The Sound of Silence



I have begun embracing the doctrine of Universal Salvation and obviously would not do so if I didn’t see it in the scriptures. I have written extensively on the passages that seem to me to be strong declarations that God has a plan to be victorious in reconciling to Himself all of humanity, without exception. I have also written about the “eternal torment”, “everlasting punishment” and “weeping and gnashing of teeth” passages that have been mistranslated to read the fires of forever into that plan of God and to mischaracterize His actions in dealing with the world of unbelievers as punitive and not corrective.

It seems to me that, if eternal perdition was a tenet of the early church, there should be something that would suggest as much in the historical record of the first few hundred years. What can we glean from the writings of those who led the early church in the generations immediately following the death of the Apostles?

I think it is important to know that, in that period of time, the early Church Fathers were faced with attacks on the new Christian religion from two sides: heresy from within and the intellectual reaction of paganism from without.1

Christianity was winning converts from among the Jews, Romans, Greeks, Egyptians, and Macedonians. These new converts were bringing with them doctrines colored by Jewish and pagan error. The earliest church fathers, those that were said to have “sat at the feet of the Apostles”, defended Apostolic doctrine against this onslaught of false teaching. Men such as Clement of Rome, probably the same Clement mentioned by Paul in Philippians 4:3 – a fellow laborer of the apostle, Ignatius, and Polycarp (both students of the Apostle John) wrote extensively to this end.

Heresy was addressed primarily by written statements of faith and creeds. Probably the oldest was known as The Teachings of the 12 Apostles. Quoted by Clement of Alexandria, the 1st century Christian historian Eusebius, and Athanasius an early bishop of Alexandria, scholars believe it was written somewhere between AD 120 and AD 160. While it addresses a wide variety of subjects from the divinity of Christ, holy living and the authority of the church to the return of Jesus, the great tribulation, the antichrist and trial by fire, it is entirely silent on the duration of punishment. Not a whisper of endless torment is to be found. Absolutely nothing is said about eternal fire.2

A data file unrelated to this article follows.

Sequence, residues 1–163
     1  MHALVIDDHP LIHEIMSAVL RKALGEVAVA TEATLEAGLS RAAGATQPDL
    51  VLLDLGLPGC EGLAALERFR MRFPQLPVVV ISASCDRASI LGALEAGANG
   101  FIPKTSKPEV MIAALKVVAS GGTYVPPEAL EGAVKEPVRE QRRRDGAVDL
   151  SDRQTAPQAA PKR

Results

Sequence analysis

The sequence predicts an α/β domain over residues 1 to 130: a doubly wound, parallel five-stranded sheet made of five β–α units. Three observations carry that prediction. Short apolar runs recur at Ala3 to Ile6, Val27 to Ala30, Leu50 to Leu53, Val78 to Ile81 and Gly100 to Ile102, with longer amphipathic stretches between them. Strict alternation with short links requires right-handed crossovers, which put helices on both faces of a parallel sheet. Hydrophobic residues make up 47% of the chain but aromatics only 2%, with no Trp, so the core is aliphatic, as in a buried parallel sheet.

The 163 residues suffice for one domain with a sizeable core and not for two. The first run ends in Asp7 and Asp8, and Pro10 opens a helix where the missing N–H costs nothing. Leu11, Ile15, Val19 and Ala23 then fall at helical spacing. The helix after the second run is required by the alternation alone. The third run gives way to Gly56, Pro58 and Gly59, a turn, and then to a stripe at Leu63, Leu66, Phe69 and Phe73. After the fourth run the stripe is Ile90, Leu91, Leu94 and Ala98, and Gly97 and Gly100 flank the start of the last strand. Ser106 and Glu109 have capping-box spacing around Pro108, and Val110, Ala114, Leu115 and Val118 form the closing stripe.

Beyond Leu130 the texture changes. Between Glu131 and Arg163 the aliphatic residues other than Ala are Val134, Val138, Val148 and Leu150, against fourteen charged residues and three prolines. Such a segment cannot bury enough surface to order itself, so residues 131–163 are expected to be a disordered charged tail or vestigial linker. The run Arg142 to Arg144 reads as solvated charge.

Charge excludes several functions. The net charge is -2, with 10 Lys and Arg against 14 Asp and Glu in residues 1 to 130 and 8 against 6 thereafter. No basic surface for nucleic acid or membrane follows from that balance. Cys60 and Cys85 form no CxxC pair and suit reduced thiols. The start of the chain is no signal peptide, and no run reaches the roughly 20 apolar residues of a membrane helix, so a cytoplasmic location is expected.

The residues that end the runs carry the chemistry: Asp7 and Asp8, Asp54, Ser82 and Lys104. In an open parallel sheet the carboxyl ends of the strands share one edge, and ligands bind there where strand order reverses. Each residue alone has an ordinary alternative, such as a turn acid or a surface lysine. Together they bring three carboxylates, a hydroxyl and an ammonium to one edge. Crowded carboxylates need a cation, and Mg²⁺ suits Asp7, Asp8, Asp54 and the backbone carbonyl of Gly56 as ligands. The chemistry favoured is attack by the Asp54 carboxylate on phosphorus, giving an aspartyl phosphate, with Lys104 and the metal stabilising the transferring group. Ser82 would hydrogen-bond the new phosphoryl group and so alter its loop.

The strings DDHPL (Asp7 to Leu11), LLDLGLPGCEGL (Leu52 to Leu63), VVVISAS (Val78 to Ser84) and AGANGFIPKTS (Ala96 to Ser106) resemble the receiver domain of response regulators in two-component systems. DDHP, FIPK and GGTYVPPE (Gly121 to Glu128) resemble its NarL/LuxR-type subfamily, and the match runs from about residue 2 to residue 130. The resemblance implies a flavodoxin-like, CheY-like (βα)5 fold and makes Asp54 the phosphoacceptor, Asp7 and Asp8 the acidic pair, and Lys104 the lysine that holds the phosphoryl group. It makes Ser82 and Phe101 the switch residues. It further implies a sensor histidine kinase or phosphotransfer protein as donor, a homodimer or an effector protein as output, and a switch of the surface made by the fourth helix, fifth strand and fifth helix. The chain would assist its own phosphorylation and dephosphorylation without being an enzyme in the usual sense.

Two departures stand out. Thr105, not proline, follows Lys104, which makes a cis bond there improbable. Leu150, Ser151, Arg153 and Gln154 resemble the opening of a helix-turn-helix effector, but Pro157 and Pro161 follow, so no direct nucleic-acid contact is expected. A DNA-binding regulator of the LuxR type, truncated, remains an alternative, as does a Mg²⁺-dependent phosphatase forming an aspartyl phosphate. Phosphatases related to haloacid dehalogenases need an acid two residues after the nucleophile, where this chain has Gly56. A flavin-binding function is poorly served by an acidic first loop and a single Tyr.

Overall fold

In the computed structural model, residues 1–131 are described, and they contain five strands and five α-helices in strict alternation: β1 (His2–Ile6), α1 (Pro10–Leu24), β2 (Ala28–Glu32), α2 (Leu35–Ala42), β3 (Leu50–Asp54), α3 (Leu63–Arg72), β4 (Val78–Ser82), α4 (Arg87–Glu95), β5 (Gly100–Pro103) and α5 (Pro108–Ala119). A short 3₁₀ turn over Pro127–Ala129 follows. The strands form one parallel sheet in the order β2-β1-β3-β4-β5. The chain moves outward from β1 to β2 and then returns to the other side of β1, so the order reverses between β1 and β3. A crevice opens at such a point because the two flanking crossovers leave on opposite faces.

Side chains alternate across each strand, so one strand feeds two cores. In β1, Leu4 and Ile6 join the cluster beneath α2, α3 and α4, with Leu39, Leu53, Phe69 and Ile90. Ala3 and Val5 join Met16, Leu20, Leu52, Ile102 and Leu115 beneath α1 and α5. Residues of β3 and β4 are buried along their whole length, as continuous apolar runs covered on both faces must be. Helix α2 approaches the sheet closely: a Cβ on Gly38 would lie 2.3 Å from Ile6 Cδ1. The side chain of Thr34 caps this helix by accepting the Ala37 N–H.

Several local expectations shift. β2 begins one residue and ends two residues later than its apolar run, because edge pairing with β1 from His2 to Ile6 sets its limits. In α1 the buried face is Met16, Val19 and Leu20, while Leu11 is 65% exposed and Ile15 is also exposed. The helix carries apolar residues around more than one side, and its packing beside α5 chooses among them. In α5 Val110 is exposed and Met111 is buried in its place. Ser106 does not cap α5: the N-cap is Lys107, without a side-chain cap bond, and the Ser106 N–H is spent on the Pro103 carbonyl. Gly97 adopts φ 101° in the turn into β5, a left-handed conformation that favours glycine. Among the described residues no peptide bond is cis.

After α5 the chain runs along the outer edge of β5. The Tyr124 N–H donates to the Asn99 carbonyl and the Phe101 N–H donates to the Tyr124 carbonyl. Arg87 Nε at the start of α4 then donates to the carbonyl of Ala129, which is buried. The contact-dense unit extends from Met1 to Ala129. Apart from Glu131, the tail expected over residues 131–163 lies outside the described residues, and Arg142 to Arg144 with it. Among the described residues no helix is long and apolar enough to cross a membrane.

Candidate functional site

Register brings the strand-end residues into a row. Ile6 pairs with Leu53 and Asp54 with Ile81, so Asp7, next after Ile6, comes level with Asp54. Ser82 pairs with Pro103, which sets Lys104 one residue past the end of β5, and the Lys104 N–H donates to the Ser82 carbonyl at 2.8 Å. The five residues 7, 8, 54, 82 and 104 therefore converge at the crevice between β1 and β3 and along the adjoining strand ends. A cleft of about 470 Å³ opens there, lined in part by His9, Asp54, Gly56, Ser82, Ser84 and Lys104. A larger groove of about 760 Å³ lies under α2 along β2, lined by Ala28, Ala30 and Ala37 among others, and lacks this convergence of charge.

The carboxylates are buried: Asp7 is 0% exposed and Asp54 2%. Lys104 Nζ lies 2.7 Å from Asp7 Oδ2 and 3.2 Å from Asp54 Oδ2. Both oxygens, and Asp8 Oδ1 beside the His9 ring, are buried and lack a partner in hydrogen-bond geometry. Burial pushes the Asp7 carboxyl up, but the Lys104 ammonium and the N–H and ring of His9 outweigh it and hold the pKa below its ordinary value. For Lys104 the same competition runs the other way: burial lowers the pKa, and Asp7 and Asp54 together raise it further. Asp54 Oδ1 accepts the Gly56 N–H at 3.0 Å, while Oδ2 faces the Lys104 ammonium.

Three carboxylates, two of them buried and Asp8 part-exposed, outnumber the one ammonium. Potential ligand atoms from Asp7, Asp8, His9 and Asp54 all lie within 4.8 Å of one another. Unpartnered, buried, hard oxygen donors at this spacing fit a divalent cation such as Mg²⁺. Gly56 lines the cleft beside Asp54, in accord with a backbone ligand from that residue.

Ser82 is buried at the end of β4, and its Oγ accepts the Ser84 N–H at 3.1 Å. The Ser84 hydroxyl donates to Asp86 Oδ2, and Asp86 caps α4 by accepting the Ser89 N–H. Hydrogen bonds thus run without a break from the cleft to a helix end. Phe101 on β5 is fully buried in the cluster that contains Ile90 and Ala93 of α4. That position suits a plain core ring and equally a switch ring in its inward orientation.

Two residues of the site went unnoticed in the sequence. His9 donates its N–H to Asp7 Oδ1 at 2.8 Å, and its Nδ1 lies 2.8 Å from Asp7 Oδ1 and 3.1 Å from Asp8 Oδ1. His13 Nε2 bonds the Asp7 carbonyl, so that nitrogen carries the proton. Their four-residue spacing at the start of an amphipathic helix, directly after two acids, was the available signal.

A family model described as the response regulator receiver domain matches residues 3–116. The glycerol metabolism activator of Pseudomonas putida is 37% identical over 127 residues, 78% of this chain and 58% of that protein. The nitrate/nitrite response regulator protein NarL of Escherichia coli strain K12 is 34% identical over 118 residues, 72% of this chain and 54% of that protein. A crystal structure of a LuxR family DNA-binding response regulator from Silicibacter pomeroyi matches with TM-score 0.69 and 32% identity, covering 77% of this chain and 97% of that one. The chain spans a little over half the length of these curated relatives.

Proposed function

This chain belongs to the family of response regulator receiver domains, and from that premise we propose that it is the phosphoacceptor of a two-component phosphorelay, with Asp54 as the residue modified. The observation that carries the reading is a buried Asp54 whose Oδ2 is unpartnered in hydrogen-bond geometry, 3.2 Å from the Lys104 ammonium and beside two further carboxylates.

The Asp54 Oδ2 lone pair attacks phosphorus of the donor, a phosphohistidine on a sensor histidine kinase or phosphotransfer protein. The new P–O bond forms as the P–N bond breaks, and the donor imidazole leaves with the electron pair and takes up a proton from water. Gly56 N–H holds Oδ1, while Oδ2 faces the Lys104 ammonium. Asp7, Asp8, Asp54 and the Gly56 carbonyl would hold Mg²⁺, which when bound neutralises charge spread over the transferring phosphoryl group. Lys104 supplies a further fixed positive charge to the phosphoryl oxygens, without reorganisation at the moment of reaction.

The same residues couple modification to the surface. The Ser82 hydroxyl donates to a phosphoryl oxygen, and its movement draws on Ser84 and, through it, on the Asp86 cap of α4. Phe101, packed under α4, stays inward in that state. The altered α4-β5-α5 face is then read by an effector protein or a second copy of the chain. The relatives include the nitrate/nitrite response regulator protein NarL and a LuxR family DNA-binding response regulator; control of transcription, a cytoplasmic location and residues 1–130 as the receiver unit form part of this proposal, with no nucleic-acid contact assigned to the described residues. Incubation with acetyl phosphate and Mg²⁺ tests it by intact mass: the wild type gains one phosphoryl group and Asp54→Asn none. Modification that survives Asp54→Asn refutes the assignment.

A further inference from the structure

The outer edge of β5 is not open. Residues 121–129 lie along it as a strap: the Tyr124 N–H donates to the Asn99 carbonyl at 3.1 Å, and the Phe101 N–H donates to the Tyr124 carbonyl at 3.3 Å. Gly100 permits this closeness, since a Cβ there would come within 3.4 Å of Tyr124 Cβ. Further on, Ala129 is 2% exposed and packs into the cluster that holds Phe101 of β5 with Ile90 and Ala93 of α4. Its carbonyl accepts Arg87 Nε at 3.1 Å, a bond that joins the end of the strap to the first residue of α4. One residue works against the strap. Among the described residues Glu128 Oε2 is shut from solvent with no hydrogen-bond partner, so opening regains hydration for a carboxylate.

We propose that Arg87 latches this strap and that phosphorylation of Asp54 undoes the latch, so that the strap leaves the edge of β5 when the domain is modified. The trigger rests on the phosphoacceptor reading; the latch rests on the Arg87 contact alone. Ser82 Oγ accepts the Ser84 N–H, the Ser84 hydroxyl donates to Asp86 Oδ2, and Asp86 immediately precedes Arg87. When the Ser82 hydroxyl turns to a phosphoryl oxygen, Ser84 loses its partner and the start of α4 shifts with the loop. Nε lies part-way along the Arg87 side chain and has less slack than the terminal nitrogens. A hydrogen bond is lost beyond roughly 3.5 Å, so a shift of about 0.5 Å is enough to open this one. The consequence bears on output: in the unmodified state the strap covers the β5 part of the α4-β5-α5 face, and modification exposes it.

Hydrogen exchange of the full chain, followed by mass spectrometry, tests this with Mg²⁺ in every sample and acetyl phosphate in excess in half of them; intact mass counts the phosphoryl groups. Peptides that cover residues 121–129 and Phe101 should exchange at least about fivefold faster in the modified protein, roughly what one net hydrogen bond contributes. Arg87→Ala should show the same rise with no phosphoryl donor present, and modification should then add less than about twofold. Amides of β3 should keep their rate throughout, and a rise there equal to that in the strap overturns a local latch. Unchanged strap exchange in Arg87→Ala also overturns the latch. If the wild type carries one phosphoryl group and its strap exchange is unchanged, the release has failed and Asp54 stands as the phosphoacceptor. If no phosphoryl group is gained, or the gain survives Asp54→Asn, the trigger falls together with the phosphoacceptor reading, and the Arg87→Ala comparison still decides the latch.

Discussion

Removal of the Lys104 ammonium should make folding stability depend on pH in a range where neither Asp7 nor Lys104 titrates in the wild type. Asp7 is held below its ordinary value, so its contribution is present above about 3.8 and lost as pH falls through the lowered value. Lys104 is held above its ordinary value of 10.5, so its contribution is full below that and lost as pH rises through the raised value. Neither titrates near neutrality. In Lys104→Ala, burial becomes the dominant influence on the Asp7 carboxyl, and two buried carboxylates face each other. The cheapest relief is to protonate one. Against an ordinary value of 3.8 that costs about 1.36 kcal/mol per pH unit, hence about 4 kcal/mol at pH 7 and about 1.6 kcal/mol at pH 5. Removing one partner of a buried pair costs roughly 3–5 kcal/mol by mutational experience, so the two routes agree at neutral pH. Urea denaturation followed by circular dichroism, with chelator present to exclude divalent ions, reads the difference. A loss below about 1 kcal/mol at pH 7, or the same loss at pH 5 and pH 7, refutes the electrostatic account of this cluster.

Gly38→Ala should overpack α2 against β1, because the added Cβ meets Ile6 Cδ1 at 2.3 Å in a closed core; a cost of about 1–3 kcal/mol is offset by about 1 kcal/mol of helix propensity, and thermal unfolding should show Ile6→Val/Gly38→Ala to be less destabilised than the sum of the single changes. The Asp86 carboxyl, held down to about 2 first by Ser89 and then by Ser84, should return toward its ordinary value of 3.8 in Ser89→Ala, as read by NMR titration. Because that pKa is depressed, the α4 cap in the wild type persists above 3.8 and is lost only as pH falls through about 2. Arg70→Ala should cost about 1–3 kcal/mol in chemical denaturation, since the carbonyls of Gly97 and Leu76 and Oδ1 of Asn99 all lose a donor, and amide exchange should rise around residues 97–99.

The creeds, formal statements of Christian belief, are historically significant because they were authorized by the consensus of bishops. The Apostle’s creed, the oldest known creedal document of the early church (AD 250-350), and the council creeds of Nicaea, Constantinople, Ephesus, and Chalcedon along with the statements of faith of the Roman church, the Greek church, and the Alexandrian church all set forth a system of Christian faith through the end of the fifth century.

They dealt with the nature of God, creation, the incarnation and divinity of Jesus Christ and His death, burial and resurrection. They speak of belief in His return to judge the living and the dead, the authority of the church, resurrection of the dead, and life in an age to come. They are completely silent on the duration of punishment. Not a word on eternal fire and torment can be found.

It seems odd that declarations of faith to heretics and to a world that knew nothing of Christianity would be silent on such a vital doctrine as endless punishment if, at that time, it was a tenet of the church. Could the sound of silence from the creeds indicate that the dogma of everlasting damnation was not held in the early church as a “teaching of the Apostles?”


1Julian Marias, translated from the Spanish by Stanley Appelbaum and Clarence Strowbridge, History of Philosophy, Dover Publications, New York, ©1967, pp. 107-108, in Morehead, Keith G., Fictional Foundations of Trinitarian Thought, ©1988

2Hanson, J.W., D.D., Universalism, the Prevailing Doctrine of the Christian Church for the First Five Hundred Years, Boston & Chicago: Universalist Publishing House, ©1899